Insecurities that had dogged Mancari since childhood couldn’t weather the force of energy in that studio, where they executed decisions with newfound certainty. The title track, “Left Hand,” is named for the Mancari family crest from the Italian region of Calabria in which a left hand holds a dagger aloft. After a lifetime spent feeling like they didn’t belong, Mancari unlocked a perfect metaphor in the crest: “In many cultures children born with a dominant left hand were taught not to use that hand, and were told that using the right hand was ‘normal’ and ‘correct.’ Similarly, queer children are often times told that it’s not ‘normal’ for them to love who they love and that they need to ‘change.’”
Though Mancari has experienced that alienation, “Homesick Honeybee” is a tender ode to their grandfather, whose voicemail opens the track and who was the first member of their family to wholly accept Mancari’s queerness. “When a bee loses its way, it can’t survive without a hive.” Mancari ponders, “It physically dies without its community.” But fortunately, their grandfather was always a supportive and reliable presence. You can hear the confidence and assuredness building in Mancari’s voice as they intone the opening verses over a bed of warm indie synths, and when the chorus hits, any sense of lostness explored in the lyrics is drowned out by the certainty of this confrontation: “How you gonna break my broken heart/ That’s already put back into so many pieces/ I can’t even feel it.”
Ecological processes rely on interdependency and Mancari uses the natural world to emphasize their own reliance on other humans, and on the life-giving Earth itself. On the album’s striking closer, “To Love the Earth,” Mancari sings of a new commitment to an undefined spirituality. “Wanna crown you in Queen Anne’s Lace/ Wanna be rebaptized but in a different kind of way,” they sing. The song sounds like a rainy morning when there is no place to be but home and the slight pitter-patter against the windows brings comfort. Fingerpicked guitars and subtle percussion are overtaken on the chorus, which swells to a point of catharsis as Mancari surrenders: “Wanna love you forever, wanna love you forever.” The “you” is unspecified, applicable to a partner, to a community, to family, to the Earth that cradles us all. “To Love the Earth” leaves us with an overwhelming sense of peace, a feeling so rarely accessed outside of music.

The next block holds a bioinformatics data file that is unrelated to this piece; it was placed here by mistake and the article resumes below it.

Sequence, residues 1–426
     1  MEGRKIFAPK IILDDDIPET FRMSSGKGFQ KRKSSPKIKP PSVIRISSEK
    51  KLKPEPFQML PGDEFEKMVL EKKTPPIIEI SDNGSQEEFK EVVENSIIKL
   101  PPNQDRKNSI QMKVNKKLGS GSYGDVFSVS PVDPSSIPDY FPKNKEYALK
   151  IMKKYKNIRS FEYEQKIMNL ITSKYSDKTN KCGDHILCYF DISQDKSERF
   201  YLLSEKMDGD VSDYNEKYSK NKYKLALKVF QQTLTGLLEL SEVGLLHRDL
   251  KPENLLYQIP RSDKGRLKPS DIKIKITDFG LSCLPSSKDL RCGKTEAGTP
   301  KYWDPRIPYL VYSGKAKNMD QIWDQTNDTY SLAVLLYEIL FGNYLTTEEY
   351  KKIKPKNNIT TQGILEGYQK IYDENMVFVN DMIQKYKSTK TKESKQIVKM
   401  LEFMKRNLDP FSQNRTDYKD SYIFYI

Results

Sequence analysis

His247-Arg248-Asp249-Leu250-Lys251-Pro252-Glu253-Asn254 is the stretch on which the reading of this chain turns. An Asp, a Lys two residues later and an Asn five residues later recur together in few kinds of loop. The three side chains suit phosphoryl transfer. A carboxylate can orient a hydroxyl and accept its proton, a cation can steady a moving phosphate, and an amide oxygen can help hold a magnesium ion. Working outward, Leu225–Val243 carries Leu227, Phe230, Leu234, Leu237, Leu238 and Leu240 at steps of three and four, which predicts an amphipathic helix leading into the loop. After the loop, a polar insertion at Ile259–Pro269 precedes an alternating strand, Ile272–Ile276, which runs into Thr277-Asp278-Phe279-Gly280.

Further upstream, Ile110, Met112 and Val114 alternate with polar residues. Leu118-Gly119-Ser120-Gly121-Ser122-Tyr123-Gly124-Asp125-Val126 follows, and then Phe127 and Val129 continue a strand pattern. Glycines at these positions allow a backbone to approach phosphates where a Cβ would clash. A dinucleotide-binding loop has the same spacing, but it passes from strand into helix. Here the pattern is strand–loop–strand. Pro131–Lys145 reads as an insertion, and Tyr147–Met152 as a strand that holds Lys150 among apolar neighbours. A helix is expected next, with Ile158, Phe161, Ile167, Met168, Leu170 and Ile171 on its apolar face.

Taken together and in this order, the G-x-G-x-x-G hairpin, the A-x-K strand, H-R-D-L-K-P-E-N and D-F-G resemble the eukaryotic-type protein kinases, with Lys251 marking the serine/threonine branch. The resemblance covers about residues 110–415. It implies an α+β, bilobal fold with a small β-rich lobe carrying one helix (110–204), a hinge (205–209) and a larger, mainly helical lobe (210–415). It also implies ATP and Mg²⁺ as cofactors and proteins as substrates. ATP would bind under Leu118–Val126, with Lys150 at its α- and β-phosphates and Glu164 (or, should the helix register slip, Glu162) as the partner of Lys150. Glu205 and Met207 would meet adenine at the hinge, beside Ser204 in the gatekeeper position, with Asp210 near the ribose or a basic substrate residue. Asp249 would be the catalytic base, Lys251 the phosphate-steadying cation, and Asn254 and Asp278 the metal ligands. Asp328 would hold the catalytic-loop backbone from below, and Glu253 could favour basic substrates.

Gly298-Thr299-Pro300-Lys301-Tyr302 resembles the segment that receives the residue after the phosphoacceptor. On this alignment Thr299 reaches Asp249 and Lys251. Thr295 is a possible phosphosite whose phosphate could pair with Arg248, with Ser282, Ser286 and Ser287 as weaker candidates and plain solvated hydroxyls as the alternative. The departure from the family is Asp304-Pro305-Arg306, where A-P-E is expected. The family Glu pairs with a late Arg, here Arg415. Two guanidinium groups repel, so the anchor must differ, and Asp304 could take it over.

Left Hand is generous in this way; Mancari offers the listener a collection of songs that should be played in moments when we are in need of reassurance and encouragement. No song exemplifies this better than the ebullient track “Over and Over,” which is a reminder to friends that happiness doesn’t need to be fleeting. “I wanted to write a queer pop song that has meat on its bones,” they say. Inspired by one of many reckless and joyful hangs with dear friends in Nashville, the enlivening pop song makes a promise to them, and to the greater community Mancari embraces on this album. “There is something to the feeling/ Head hanging out of the window/ Being ok that we don’t know,” sung on the chorus over a beat replete with congas and shakers. What follows is a promise to anyone who ever feels like the greatest moments of their life are disappearing in the rearview: “We can have it like we used to, over and over and over and over again.”